We fly from our home in Los Angeles to York, Pennsylvania, so that my husband, the artist Wayne White, can begin building an art installation commissioned by York College of Pennsylvania. It will be constructed inside an historic former Fraternal Order of Eagles Hall in downtown York, now an organization called Marketview Arts. All of York is crazy historic, dating back to 1740! Temporary capital of the Continental Congress! Articles of Confederation drafted and adopted here! Home of the Underground Railroad! WHAT? This is a mind-blower for a history-loving girl from Southern California, where they tear down anything older than 1967 and replace it with a building made out of Popsicle sticks and Elmer’s Glue. Read More
In Ardency, the poet Kevin Young chronicles the experiences of fifty-three Africans who mutinied aboard the Amistad slave ship in 1839. After killing two of their Spanish captors, they sailed up the coast of the United States, only to be intercepted by a naval brig and thrown in a Connecticut jail. Their case eventually made it to the Supreme Court, which affirmed the earlier court’s decision: because the international slave trade had been abolished, the men and women aboard the Amistad were not legally slaves and thus had been illegally captured. They were entitled to use force to secure their freedom. The Amistad mutiny would be one of the many events that gave the abolitionist movement traction leading up to the Civil War. In this book, Young conjures their voices in letters, poems, and songs, documenting their violent capture and eventual return to Africa in 1842. Young has tangled with the complexities of American history in his six previous collections, including For the Confederate Dead and Dear Darkness. He recently edited the anthology The Art of Losing: Poems of Grief and Healing and is finishing The Gray Album, a nonfiction work about music and history, forthcoming from Graywolf next year.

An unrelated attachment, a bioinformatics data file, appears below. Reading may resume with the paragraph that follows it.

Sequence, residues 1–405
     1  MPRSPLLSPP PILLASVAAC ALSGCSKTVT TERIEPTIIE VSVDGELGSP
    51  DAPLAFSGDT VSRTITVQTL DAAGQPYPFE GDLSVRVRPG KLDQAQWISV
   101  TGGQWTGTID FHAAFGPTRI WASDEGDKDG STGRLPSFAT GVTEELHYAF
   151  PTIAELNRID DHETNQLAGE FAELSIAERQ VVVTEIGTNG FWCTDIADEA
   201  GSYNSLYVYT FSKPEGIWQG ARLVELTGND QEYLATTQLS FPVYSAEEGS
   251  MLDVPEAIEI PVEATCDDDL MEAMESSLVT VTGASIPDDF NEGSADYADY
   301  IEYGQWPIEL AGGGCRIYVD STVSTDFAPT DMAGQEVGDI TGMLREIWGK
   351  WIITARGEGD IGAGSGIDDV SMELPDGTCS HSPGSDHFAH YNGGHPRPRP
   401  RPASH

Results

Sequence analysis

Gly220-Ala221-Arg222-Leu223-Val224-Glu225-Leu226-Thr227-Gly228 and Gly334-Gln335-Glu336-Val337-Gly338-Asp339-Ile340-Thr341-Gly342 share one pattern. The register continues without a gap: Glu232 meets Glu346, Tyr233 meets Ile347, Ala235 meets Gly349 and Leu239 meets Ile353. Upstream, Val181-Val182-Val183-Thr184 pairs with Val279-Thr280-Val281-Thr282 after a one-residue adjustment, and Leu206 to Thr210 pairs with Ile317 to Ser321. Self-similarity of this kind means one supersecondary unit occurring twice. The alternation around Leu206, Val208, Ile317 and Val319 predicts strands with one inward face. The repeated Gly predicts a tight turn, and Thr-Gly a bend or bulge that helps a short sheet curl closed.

You spent twenty years working on Ardency. What originally drew you to the story of the Amistad?
I stumbled on letters the Amistad prisoners wrote from jail. I was struck by their poignancy and how the prisoners spoke in this new language of English. But I was struck by what the letters didn’t say, what was permitted of them to say, and, then, what they did mange to say because of or despite those limits.
What was so great about working on this book was that no one knew about it. I didn’t know if I was ever going to do anything with it, but I knew that there was this story I wanted to learn more about. Also, I knew that I wanted to write in the voice of Cinque, who led the rebellion, but wasn’t ready to write in his voice yet.
There are many strangely beautiful phrases in the letters—“be my dear benefactory,” “Cold catch us all the time,” “I am your perfect stranger”—that have the urgency of someone really trying to master the language.
Master is an interesting verb. They had masters who bought them in Cuba and forged documents giving them new identities saying they were born in Cuba. Though he international slave trade was illegal, you could still purchase slaves who were born into slavery. So they were learning English to become free, but there is a sense in the letters that they are trying to free themselves from English.